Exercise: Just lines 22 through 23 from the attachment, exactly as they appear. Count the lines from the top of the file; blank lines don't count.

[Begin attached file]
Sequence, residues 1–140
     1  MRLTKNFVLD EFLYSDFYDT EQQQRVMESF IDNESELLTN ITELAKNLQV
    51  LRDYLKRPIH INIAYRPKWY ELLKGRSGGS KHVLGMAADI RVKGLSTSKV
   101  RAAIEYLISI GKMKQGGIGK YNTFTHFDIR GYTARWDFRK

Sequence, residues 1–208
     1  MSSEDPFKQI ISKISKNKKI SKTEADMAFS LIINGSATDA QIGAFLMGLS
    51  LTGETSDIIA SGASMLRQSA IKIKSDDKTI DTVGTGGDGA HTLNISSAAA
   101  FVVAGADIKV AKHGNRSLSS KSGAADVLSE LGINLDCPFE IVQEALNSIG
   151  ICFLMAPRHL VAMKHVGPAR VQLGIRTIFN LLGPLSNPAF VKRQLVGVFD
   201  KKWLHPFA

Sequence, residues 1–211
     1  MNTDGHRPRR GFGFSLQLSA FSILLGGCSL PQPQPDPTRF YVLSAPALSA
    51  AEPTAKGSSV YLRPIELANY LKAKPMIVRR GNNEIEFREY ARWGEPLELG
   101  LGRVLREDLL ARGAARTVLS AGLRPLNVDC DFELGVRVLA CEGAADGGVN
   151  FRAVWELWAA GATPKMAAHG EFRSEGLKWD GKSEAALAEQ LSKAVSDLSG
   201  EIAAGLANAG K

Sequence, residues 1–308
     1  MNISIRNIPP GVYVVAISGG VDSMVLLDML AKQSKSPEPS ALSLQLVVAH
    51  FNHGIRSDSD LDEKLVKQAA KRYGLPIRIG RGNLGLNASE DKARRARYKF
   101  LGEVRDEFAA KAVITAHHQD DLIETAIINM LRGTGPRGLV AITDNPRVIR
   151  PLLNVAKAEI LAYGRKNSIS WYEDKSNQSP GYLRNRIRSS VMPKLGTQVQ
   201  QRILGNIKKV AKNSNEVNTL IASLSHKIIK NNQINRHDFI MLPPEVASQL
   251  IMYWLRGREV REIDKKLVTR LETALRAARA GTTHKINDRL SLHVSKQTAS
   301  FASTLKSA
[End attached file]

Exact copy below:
   201  QRILGNIKKV AKNSNEVNTL IASLSHKIIK NNQINRHDFI MLPPEVASQL
   251  IMYWLRGREV REIDKKLVTR LETALRAARA GTTHKINDRL SLHVSKQTAS